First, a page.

Nixon Kurgat will bear bib No. 1 as the fastest man in the field, having run five times under 2:10:00 with a best of 2:07:11 set in Chuncheon, South Korea, four years ago.
Nevertheless his last official competition dates back to October 2015 when the 30-year-old Kenyan finished runner-up in the Korean city in 2:10:01.
Abrha Milaw of Ethiopia will attempt to succeed to his compatriot Dejene Kelkilew, who took the top prize in 2017. He set his PB of 2:07:46 four years ago, was sixth in Vienna in 2:12:57 this year and also won in Stockholm last year in 2:11:36.
Eritrea’s Tewelde Estifanos, is the third fastest man of the field thanks to his 2:09:19 lifetime best set in 2015. His last official outing was in Gold Coast last year, where he clocked 2:13:38.
Also in the field are Kenya’s Benard Too, who won the Brescia Marathon last year in a personal best of 2:09:47, and Kuma Chuko, who posted a best of 2:13:28 to finish 13th in Dubai last January.
The 35 year-old Berhane Tsegay will also have a say courtesy of his PBs of 1:01:21 over 13.1 miles and 2:13:57 over 26.2.
The women’s field is dominated by Yimam of Ethiopia and Changeiywo of Kenya. The former finished at the foot of the podium in Marrakech in January clocking 2:28:41, 1:09 faster than the personal best of the latter, who posted 2:29:50 to finish fourth in Milan in April.
Changeiywo was fourth in the short race at the IAAF World Cross Country Championships 10 years ago.
Her countrywoman Edna Kimaiyo should also be in contention for the podium of the race’s 11th edition. Although she hasn’t run this year, she is the third fastest woman in the field courtesy a personal best of 2:31:25 set in the French city of Rennes in 2015. Her 1:10:45 half marathon best was set in Nice three years ago.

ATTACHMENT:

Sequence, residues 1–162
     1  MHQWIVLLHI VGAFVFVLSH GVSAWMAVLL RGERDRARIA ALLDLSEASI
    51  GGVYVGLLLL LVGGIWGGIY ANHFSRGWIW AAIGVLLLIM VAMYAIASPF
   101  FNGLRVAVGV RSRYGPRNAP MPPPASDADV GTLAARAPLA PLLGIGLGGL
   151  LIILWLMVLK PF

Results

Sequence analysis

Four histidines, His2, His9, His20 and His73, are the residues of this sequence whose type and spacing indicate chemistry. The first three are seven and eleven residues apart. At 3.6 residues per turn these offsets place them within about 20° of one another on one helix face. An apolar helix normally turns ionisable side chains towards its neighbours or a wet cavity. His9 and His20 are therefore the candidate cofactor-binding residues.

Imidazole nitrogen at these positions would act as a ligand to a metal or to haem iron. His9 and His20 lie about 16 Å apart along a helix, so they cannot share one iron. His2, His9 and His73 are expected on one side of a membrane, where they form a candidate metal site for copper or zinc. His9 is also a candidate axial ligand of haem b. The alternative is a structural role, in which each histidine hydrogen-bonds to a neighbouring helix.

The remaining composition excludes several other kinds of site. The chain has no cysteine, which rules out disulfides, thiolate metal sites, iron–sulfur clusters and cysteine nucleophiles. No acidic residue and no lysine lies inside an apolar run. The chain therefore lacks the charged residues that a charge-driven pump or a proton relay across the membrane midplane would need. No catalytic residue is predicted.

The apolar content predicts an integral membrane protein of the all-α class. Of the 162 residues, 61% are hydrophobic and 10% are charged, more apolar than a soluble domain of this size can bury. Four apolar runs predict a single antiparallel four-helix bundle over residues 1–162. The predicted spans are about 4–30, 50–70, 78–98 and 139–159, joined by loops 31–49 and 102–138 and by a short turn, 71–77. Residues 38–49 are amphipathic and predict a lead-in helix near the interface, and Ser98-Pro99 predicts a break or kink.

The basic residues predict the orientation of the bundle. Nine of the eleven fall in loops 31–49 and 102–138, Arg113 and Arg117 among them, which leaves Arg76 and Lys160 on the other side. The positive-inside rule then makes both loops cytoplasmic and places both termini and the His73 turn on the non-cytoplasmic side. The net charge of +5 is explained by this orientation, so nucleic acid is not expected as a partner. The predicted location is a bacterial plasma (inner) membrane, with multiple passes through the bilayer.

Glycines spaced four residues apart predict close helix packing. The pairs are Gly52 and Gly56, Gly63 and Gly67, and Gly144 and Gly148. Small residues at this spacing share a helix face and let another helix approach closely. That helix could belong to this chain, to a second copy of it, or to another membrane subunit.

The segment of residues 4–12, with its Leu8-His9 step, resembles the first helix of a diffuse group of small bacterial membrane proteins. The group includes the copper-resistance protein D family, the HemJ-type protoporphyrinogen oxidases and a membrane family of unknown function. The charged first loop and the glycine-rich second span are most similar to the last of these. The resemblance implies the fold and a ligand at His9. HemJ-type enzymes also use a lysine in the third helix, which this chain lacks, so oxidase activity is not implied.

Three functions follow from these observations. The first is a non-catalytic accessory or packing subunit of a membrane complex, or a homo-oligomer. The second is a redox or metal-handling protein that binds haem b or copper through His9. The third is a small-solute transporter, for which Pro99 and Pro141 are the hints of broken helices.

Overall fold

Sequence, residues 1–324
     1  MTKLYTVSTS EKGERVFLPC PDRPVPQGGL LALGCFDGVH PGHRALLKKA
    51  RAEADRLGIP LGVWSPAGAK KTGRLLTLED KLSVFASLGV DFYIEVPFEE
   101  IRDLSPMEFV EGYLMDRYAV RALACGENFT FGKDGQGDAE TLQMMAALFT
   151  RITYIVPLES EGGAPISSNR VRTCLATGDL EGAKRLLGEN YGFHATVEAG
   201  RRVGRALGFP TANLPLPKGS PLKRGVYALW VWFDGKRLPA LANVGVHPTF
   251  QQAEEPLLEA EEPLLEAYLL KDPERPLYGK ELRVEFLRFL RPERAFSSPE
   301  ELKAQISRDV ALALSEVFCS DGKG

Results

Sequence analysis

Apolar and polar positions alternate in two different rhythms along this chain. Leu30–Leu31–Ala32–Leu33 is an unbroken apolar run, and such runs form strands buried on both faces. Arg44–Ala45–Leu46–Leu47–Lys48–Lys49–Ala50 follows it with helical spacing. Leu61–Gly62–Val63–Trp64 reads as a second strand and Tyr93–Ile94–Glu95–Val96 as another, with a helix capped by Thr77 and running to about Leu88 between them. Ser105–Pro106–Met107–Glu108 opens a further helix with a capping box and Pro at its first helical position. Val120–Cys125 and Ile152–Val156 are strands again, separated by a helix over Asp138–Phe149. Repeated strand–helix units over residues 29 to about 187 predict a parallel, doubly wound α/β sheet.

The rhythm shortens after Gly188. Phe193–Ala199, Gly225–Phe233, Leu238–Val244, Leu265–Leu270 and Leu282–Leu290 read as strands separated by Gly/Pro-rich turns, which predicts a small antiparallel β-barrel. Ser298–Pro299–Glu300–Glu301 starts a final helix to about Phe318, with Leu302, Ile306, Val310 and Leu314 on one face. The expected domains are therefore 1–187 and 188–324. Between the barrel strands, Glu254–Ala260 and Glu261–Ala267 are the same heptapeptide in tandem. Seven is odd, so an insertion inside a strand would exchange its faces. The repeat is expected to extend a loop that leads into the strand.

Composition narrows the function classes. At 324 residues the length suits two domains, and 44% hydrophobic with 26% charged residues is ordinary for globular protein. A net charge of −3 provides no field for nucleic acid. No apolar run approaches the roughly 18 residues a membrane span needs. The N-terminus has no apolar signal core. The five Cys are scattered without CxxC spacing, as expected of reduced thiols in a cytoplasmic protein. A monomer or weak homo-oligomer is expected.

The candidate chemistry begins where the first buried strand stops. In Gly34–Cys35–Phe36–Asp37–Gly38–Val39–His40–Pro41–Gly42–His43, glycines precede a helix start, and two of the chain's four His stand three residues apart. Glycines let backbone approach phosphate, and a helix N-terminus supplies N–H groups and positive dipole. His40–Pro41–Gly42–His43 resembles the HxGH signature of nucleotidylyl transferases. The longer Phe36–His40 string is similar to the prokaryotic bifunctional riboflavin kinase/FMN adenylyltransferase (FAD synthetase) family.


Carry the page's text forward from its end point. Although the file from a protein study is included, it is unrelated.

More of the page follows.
Not to be discounted are Sarah Ramadhan of Tanzania, who finished runner-up last year in Dusseldörf in 2:33:08, 30 seconds faster than Ethiopia’s Ido Fanose, whose PB of 2:33:38 was set in Zhendzhou.
Quentin Guillon for the IAAF
Course record assaults on tap at Porto Marathon
Course record assaults are on the pre-race playbook at the 15th running of the Porto Marathon on Sunday, the first time the race carries an IAAF Bronze Label.
The men’s field includes 10 men who have run under 2:11 – six of those sub-2:10) – while last year’s winner, Kenyan Jackson Kibet Limo (PB 2:09.06), is firmly committed to taking down the 2:09:51 course record set by Kenyan Philemon Baaru in 2011.
But there are other strong contenders such as Ethiopians Abraham Girma (2:06:48), second at the Cophenagen Marathon; Fikadu Bekede (2:09:37), winner in Rabat 2017; Daniel Deresxe (2:10:09), second at the Leiden marathon and Belete Mekonen (2:10:34), second in Madrid last year.
The Kenyan contingent also includes Richard Limo (2:06:45), Kenneth Mburu Mungara (2:07:36), the 2018 Gold Coast winner and Mathhew Bowen (2:10.57). Ugandan Robert Chemonges (2:10:32), the winner in Dusseldorf this year and Eritrean Kibrom Weldemicael (2:09:36) could also be factors.
We also have to pay attention to debutante Ezrah Sang from Kenya, the winner of this year’s Madrid Half Marathon, who has a 1:00:36 PB over the distance.
In the women’s race the target is the 2:26:58 course record set by Kenyan Monica Jepkoech last year. Leading the chase will be Ethiopians Mesekerem Abera Hunde (2:28:25), winner of the 2018 Wuham Marathon, Alemu Megertu (2:29:10), second at this year’s Rabat Marathon, and Abeba-Tekulu Gebremeskel (2:30:18).
There are high hopes for Portugal’s Filomena Costa (2:28:00), third in 2016 edition, who can provide a surprise, perhaps even the win. The same holds true for debutante Elvanie Nimbona, Burundi’s half marathon champion with a 1:10:32 personal best.
The event also hosts the Portuguese marathon championships and two more events: a competitive 15km race and a 6km non-competitive race.
Besides course records, organisers are also hoping to witness record registration and a record number of finishers. The former has already been achieved.
António Fernandes for the IAAF